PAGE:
Accrued resentment over perceived inequity often requires active consideration by both partners. Addressing problems as they arise can prevent resentments from accumulating in the first place. This requires a willingness to confront issues and risk conflict. Engaging in conflict to gain positive resolution then becomes critical to healthy relationships. Couples often fail to understand this as they often present to the therapist that they fight too much or need to learn how not to fight. They want to avoid conflict and thus, avoid the resolution critical to couple's intimacy. Depending on family-of-origin and cultural models or experiences, many individuals conceptualize harmonious relationships as the absence of fighting or conflict. Carrie and Kori easily agreed that they deeply loved each other and were committed for the long haul. They had gotten married during one of the legal same-sex marriage windows before it became permanently legal in California. There was some stuff that they had difficulties with and needed to work out. Somehow, it was hard to do. And they said, they did not want to fight especially after all they went through as a lesbian couple in a covertly and occasionally overtly homophobic and heterosexist community. They felt a kind of responsibility to make it work as a married lesbian couple. This proved however not to be the key issue for them. Carrie and Kori revealed that neither one of them saw their respective parents argue or fight while growing up. "They must have hid it from us… or argued in their bedroom after everyone was in bed." Carrie did remember that sometimes it was somewhat tense in the house, but since it did not spill onto her it wasn't that big a deal. Kori remembered getting up to go to the bathroom at night and seeing her father drinking beer in the kitchen by himself. Once in a while, she would wake up to find him having slept the night on the couch. Carrie's parents were still together. "I guess they do ok. It works for them. But they don't show a whole lot of warmth between them." Kori's parents divorced when she went to college- the last kid out of the house. It was both a surprise but not a surprise to her. "It was kinda weird when they divorced 'cause although I was sad, somehow I was relieved too."
From these models or lack of models… experience or lack of experience, Carrie and Kori thus did not know how to fight productively. Both sets of parents hid anger and conflict, so neither positive nor negative resolution was observed. Both Carrie and Kori had internalized implicit messages that conflict or fighting was wrong or bad. Other individuals, having witnessed or experienced highly toxic emotionally if not also physically abusive family conflict as children, may replicate the toxicity as adults. Conversely, they may avoid replication without knowing otherwise how to resolve conflicts positively. Having experienced negative conflict dynamics taught the individual what not to do, but does not enable them to naturally develop healthy conflict resolution skills- aside from a generic strategy of not fighting. That may have been the experience of one or more of Carrie or Kori's parents. However, intimacy virtually ensures conflicts. When individuals are not close, they are not in physical or emotional proximity enough to love and nurture nor to hurt or disappoint. How to ensure one will experience great emotional pain? Fall in love! Once partnered, individuals will have conflict overtly, covertly, and/or secretly. Secret conflict internally or holding resentment is but one outcome of ineffective conflict resolution skills. Conflict may be avoided for as long as the individual or the couple can stand it and then erupt with pent up energy in still dysfunctional processes. This can further scar and frustrate partners and intimidate them into further avoidance, only to be disrupted again when held grievances become overwhelming. However well intended, Carrie and Kori's avoidance of fighting was potentially more destructive than the issues that needed resolution. The therapist reframed their problem identification, for example by stating, "The problem is not that you fight too much or need to stop fighting. The problem is you don't know how to fight!" Another potential reframe would be "The problem is you fight lousy! You need to learn how to fight 'right!'"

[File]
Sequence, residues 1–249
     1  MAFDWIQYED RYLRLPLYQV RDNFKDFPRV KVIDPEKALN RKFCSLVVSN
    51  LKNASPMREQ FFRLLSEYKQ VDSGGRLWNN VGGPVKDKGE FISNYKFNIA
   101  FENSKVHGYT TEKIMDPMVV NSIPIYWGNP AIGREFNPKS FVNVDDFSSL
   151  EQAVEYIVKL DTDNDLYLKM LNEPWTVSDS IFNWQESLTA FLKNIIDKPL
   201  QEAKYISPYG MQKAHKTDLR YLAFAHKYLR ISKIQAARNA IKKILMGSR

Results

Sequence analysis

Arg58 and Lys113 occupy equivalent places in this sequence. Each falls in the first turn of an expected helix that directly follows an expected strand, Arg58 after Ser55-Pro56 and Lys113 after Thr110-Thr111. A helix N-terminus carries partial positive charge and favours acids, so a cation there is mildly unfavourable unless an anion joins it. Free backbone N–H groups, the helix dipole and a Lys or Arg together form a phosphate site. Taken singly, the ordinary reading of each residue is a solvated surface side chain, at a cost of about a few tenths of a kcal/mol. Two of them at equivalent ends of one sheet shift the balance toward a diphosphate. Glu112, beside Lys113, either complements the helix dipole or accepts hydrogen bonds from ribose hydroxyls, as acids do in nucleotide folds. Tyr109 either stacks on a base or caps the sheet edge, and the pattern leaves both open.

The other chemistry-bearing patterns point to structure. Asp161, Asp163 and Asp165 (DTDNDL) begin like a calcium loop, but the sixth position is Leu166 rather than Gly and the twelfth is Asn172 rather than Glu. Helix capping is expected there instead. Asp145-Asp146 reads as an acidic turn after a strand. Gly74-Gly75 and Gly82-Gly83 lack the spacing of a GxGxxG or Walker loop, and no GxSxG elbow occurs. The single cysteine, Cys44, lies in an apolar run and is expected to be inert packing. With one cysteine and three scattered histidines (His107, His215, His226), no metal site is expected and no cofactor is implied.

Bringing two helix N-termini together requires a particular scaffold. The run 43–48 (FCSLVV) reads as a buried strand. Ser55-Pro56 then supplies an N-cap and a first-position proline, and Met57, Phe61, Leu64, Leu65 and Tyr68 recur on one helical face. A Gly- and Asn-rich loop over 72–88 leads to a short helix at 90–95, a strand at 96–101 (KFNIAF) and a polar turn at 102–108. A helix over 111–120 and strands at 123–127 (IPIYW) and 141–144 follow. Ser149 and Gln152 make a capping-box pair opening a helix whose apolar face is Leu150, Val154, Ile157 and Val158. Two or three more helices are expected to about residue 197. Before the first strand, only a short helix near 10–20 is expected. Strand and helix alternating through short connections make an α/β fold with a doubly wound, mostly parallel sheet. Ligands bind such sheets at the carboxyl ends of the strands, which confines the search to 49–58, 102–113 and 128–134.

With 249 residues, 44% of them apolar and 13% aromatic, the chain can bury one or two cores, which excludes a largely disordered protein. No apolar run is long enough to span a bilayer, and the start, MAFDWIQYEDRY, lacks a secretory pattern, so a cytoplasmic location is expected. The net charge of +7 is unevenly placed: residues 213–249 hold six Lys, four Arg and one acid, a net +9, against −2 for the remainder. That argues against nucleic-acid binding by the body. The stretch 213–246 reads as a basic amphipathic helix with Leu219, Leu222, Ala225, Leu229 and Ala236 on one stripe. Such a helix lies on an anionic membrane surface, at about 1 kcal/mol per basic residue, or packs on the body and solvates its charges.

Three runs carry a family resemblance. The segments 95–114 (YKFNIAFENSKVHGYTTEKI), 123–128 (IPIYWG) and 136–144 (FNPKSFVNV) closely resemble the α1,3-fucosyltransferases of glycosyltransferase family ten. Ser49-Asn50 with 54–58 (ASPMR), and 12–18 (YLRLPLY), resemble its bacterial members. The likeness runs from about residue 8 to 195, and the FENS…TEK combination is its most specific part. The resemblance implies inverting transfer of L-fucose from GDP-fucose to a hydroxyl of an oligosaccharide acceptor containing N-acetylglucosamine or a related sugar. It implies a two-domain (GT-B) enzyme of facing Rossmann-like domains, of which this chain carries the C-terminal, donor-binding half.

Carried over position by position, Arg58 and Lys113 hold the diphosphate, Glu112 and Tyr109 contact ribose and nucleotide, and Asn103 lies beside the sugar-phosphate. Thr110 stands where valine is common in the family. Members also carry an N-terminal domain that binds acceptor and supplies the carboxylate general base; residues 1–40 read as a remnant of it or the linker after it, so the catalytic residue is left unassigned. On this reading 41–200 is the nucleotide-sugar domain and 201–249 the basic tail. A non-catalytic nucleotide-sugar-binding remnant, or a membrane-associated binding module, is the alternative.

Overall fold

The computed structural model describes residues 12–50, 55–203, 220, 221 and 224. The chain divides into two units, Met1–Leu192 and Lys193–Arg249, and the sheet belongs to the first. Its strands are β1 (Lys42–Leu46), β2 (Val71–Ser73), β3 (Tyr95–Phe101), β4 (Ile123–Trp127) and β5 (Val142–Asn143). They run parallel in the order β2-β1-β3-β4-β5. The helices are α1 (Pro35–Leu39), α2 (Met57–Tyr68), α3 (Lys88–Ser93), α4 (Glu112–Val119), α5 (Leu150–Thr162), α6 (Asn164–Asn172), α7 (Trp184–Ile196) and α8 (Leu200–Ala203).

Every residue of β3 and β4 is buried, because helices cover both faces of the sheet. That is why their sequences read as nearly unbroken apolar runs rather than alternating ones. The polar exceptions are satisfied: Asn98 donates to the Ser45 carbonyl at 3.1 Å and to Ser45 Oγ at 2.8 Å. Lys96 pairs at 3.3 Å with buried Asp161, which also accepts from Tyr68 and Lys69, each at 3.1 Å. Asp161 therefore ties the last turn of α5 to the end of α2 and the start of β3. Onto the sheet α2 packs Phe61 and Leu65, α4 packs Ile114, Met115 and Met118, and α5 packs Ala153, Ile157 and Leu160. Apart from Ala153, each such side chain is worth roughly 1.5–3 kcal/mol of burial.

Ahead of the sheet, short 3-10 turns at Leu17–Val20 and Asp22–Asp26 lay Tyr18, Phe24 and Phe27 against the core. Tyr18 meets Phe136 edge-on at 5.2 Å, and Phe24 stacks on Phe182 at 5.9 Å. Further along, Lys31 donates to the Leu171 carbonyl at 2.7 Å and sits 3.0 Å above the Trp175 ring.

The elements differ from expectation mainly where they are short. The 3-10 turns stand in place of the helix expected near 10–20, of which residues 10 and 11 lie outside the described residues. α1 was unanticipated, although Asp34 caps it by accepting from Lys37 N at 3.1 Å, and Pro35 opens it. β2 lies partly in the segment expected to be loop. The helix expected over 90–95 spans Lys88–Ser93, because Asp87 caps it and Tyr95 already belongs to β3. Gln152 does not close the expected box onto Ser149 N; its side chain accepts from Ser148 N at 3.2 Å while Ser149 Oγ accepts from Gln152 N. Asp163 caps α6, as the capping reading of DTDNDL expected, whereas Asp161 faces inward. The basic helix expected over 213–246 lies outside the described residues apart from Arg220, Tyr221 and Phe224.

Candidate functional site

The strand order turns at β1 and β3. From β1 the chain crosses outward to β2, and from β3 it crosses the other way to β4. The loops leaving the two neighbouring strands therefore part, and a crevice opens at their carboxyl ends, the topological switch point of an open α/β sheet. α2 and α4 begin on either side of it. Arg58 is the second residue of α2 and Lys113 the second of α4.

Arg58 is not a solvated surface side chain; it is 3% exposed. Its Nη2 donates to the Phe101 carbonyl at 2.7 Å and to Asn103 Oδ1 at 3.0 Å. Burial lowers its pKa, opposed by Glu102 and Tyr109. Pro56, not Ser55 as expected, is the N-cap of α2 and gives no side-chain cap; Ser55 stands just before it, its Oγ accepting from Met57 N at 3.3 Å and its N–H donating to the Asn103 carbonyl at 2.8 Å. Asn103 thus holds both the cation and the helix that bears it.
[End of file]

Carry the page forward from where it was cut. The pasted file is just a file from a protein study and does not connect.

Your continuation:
"Although Piaget (1985) was one of the first theorists to view conflict as a positive and natural occurrence (in the cognitive sense), Deutsch (1973) first delved into new territory by distinguishing between constructive and destructive conflict. Constructive conflict is defined as a process of negotiation, collaboration, and/or brainstorming in order to obtain a mutually satisfying goal for opposing one's partner. In contrast, destructive conflicts terminate with both parties feeling dissatisfied with the outcome, which may conclude as a result of coercion, physical and/or verbal threats that may escalate beyond the immediate issue by expanding into other topics. Recently, recognition of the positive methods of dealing with conflict in family relationships such as communicative conflict, perspective-taking, moral reasoning, and justification has emerged (Chapman and McBride, 1992; Easterbrooks et al., 1994; Katz et al., 1999, Rinaldi and Howe, 1998)" (Rinaldi and Howe, 2003, page 442). When a problem or conflict is "solved" through manipulation or intimidation, including a partner avoiding the conflict altogether in anticipation of how arduous or how painful confrontation would be, there can be a slow and insidious corrosion of the relationship. Rather than risk conflict, one or both partners may seek emotional attention and sustenance from the children, friends, hobbies, and possibly affairs. When suffering resentment and hurt without recourse because of sanctions against fighting, they can also turn to self-medicating substances such as alcohol or illicit or prescription drugs or self-soothing behaviors that may or may not be clearly harmful. Failing to deal with specific issues and failing to deal with the fundamental disconnect from loss of intimacy however inevitably becomes harmful to the emotional well-being of one or both partners… and probably of the children in the family. Introducing to the individual or couple that not only is it okay to fight, but that it is necessary to fight is a major paradigm shift. Conflict is reframed as the essential process of interplay and negotiation to achieve equality, equity, status, responsibility, roles and any number of other important relationship, couple, and family concerns. Key to the shift is the therapist pointing out that a fight where one "wins" almost always leaves the other partner resentful if he or she feels a "loss." The loss is not necessarily of power and control, access, money, or the like, but loss of respect, caring, trust, and as a result, intimacy. Hence ineffective conflict resolution makes both partners losers. It becomes a pyrrhic victory that potentially destroys the relationship. Intrinsic to successful conflict resolution are anticipated, assumed, and functional equity issues including the right to speak and be heard in the relationship, couple, or family structure.